Cannabis sold on the streets of Spain is contaminated with dangerous levels of fecal matter, a study revealed after testing 90 samples obtained from Madrid.

Traces of E.coli bacteria and the Aspergillus fungus were found by analysts in the cannabis bought in and around the capital city. The study, conducted by scientists at Universidad Complutense in Madrid, including pharmacologist José Manuel Moreno Pérez, will be published in the journal Forensic Science International in May.

According to researchers, 88.3 percent of the total samples collected were not safe to be consumed. Some 40 percent of these also had the odor of feces.

The samples Pérez bought were wrapped in containers in two shapes — “acorns” and “ingots” or blocks, according to the BBC. The study added that cannabis was more likely to be contaminated due to the way it was imported. The “acorns” were the worst offenders, reportedly because of the way they were smuggled into the country.

“Once they arrive in Spain, they take laxatives to expel the acorns. And that’s what goes on sale,” Pérez said.

Researchers also found a link between the shape of the cannabis strain and the contamination levels.

“Foreign elements were found in 64.7 percent of the ingot-shaped samples and in 30.2 percent of the acorn-shaped samples,” researchers said. “With regard to microbiological contamination, 93 percent of acorns were contaminated by E. coli, compared to 29.4 percent of ingots. In addition, all samples with fecal odor were acorns and were contaminated by E. coli.”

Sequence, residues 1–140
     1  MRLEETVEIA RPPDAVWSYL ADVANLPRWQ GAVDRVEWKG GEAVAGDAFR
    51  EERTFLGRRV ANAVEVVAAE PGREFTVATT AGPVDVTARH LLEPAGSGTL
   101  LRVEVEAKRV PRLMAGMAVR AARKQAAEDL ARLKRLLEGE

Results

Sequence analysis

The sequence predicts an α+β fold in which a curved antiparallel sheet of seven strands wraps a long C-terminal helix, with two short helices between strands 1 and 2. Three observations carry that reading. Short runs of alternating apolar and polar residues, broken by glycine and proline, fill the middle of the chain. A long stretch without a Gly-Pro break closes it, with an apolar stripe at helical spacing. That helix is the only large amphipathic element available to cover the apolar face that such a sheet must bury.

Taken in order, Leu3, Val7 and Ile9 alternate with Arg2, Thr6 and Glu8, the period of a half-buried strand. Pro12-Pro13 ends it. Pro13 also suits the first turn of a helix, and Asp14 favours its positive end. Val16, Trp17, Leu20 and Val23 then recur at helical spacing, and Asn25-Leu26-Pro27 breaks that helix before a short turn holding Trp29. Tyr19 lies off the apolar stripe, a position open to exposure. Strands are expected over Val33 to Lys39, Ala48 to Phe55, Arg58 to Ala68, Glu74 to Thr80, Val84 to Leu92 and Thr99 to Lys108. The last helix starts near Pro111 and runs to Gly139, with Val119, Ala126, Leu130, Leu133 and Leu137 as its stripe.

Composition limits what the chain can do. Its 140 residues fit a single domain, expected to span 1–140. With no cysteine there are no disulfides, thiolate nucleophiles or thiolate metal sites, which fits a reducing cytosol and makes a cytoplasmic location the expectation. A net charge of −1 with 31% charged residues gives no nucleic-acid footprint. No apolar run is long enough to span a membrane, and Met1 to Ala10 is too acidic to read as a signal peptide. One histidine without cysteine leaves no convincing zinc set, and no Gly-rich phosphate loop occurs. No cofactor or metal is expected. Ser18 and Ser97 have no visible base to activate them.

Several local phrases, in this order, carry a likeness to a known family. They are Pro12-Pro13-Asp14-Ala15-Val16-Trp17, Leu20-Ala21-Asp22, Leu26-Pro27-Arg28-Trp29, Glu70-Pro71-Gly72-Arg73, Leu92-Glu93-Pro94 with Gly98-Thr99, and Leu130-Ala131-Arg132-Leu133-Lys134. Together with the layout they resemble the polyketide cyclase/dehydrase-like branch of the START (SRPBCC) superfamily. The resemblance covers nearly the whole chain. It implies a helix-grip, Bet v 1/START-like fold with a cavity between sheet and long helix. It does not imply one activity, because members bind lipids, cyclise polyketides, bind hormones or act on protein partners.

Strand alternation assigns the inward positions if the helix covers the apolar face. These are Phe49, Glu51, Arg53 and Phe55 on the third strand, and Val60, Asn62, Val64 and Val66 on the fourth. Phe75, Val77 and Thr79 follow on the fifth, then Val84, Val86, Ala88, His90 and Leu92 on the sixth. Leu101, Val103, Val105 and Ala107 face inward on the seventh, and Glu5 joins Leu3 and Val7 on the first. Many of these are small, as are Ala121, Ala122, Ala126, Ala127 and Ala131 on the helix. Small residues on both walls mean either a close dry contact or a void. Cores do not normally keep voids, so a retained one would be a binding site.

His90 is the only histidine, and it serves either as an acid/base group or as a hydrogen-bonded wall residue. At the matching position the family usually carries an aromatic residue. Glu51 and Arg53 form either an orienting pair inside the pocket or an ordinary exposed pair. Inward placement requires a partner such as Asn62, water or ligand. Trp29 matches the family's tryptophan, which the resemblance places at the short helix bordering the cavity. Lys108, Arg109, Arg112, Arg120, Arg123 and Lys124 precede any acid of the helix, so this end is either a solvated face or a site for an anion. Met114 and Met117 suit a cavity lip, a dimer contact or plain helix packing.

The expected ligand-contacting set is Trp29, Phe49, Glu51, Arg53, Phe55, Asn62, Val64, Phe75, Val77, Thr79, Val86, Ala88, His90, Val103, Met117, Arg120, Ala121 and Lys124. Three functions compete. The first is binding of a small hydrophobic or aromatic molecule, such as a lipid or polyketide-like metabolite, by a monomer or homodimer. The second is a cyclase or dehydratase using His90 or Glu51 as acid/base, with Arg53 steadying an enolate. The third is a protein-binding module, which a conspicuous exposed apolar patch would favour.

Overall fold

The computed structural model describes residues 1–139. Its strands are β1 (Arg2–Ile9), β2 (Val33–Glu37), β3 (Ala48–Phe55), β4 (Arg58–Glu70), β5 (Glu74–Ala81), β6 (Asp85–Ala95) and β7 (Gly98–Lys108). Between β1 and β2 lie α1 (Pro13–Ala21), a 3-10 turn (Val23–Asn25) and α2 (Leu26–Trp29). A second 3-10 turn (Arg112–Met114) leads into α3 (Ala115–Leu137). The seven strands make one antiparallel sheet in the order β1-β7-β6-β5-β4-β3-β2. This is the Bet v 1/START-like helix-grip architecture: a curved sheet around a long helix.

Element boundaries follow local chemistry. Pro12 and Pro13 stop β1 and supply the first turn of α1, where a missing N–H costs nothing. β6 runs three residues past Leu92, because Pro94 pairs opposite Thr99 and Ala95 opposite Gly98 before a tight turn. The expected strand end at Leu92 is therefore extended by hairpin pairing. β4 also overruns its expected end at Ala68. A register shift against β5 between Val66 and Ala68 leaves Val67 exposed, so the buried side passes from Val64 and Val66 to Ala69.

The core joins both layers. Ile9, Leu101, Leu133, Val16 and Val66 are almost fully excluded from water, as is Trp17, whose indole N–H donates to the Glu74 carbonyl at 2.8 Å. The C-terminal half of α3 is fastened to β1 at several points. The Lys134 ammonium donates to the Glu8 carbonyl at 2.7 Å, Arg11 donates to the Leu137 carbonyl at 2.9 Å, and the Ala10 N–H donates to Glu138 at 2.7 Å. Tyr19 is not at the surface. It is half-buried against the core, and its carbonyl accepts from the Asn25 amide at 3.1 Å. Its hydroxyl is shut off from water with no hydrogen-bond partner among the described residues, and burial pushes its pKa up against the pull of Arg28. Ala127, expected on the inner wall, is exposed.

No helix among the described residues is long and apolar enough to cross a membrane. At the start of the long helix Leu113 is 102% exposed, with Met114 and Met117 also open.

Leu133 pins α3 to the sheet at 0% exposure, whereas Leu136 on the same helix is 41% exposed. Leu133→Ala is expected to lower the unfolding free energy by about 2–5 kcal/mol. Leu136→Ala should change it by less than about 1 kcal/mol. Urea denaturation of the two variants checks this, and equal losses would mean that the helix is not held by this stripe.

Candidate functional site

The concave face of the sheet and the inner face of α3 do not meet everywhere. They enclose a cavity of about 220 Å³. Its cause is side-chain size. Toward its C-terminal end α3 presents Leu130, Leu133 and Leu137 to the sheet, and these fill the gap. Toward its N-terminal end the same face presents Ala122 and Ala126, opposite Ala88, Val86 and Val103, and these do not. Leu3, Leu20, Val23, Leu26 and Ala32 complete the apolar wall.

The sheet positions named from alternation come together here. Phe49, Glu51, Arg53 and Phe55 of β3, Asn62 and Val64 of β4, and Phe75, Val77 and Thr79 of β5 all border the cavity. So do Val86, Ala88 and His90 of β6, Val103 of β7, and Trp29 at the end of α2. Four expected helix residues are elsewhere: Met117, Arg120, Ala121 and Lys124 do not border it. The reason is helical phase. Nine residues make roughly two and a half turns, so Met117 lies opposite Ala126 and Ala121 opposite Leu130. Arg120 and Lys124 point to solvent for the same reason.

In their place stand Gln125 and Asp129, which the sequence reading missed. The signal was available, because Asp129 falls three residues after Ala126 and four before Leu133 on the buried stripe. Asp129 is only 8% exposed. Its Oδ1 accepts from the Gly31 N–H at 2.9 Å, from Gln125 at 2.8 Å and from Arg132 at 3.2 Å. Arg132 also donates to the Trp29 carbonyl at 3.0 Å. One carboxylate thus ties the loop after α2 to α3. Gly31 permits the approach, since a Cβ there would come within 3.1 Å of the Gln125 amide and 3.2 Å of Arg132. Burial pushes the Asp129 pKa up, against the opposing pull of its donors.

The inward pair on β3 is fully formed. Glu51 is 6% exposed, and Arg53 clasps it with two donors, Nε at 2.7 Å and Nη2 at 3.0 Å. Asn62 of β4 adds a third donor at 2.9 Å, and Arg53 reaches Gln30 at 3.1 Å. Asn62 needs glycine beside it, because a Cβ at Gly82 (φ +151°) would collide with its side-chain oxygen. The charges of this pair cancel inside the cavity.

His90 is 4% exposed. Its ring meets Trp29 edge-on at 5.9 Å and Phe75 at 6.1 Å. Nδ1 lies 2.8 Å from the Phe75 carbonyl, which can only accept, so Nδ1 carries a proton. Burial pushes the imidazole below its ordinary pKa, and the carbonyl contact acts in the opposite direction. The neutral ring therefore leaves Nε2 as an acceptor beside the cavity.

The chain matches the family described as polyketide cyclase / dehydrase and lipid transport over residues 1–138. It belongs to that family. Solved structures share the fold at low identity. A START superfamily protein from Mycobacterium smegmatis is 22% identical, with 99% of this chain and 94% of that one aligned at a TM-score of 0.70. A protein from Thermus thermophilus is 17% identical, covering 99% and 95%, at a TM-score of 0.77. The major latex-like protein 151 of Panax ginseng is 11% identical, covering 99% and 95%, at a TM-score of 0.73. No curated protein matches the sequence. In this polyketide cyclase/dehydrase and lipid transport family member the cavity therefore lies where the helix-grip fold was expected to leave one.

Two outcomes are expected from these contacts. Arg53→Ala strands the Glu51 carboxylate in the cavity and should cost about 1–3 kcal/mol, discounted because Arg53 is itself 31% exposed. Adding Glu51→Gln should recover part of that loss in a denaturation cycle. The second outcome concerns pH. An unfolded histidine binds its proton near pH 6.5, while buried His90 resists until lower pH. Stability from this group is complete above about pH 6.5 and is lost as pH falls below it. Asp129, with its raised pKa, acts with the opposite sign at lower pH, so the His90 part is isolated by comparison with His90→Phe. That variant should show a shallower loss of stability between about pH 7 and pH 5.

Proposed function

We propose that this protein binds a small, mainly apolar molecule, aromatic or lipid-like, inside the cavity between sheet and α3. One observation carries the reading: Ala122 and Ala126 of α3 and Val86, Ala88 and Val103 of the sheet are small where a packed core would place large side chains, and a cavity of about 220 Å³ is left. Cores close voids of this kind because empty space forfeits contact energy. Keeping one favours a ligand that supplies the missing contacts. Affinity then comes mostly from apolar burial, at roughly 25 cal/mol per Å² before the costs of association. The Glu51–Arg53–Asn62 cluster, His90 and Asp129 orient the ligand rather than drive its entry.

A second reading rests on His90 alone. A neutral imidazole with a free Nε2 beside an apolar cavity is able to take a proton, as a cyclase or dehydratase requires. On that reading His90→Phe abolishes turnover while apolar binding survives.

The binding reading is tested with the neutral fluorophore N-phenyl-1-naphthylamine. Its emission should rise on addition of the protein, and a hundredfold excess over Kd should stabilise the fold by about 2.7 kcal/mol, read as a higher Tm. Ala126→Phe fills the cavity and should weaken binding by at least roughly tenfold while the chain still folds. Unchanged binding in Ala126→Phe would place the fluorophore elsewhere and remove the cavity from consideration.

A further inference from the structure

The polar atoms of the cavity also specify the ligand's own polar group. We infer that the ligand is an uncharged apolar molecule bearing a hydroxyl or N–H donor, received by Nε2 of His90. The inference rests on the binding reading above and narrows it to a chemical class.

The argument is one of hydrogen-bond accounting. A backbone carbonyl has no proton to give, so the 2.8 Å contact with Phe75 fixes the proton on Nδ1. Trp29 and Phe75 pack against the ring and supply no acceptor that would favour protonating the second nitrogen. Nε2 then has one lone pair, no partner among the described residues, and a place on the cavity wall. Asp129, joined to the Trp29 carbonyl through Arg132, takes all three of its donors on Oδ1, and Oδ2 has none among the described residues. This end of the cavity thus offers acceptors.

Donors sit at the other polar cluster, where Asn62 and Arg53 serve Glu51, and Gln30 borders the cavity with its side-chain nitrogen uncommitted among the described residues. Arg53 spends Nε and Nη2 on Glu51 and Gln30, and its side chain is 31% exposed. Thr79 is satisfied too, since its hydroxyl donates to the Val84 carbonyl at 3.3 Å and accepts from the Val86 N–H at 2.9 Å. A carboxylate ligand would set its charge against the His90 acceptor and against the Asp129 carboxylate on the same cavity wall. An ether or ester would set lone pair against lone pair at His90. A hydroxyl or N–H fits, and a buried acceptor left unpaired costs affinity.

According to the study, the risks associated with E.coli and Aspergillus are serious enough to make the illegal street vending of hashish "a public health issue."

An activist rolls a joint during a protest against the prohibition of bearing a minimum dose of marijuana for personal use, in Bogota, Sept. 6, 2018. Getty Images/Raul Arboleda

The E.coli or Escherichia coli infection is caused by the bacteria normally found in the intestines. It can cause diarrhea, vomiting, stomach pains, fever, and blood in feces. It poses a health risk especially for people with severely compromised immune systems.

Aspergillus, a type of mold, also found in the samples, can cause infection in the lung and gastrointestinal diseases. Inhaling Aspergillus mold can cause serious problems for those already having lung conditions, like asthma or cystic fibrosis, or in people who have low immunity. It is particularly dangerous for cancer patients, who sometimes smoke cannabis to help with the symptoms of chemotherapy.

"These patients have a weakened immune system, meaning that an infection caused by the consumption of contaminated or adulterated hashish could be fatal," the study adds.